Character traits vary greatly from one child to the next, although it's safe to say that many kids possess a natural sense of curiosity, a fair degree of self-involvement and an active, often-used imagination. Beyond basic characteristics such as these, children's individual character traits depend on various parenting and genetic factors, with birth order considered a chief determinant.
Birth order strongly influences the development of certain character traits in children. First born kids, for example, often demonstrate high levels of confidence, determination, organizational skill and leadership ability. Additionally, first-born children on average are anxious to please parents and other authority figures, sometimes to a fault, and they can be overly conscientious about avoiding bad behavior.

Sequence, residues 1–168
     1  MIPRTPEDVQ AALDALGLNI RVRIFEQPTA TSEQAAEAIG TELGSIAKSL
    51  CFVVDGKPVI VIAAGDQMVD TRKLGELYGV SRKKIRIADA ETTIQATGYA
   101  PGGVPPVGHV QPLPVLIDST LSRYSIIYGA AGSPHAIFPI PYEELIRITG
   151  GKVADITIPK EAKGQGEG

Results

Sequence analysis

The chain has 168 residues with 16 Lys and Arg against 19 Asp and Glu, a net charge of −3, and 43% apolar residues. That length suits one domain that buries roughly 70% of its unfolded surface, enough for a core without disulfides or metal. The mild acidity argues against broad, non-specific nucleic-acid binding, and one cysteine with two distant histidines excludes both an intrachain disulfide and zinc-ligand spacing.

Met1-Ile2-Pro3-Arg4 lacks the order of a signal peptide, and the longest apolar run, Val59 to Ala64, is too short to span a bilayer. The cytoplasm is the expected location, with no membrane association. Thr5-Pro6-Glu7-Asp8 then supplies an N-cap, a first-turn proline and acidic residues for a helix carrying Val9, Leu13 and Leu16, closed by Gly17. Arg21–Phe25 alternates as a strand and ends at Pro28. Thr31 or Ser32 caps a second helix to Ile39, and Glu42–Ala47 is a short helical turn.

Middle children commonly struggle with feelings of disenfranchisement, bashfulness and an overall lack of self-worth. On the positive side, these challenges lead many middle-born siblings to develop a keen sense of diplomacy, a gift for problem-solving and a realistic perspective on life.
Conversely, a family's youngest child often possesses an innate sense of sociability and extroversion, coupled with a naturally affectionate sensibility and a uniquely persistent nature. However, these positive qualities frequently go hand-in-hand with a tendency toward manipulative behavior and a powerful sense of entitlement, easily leading to an inflated ego if left unchecked.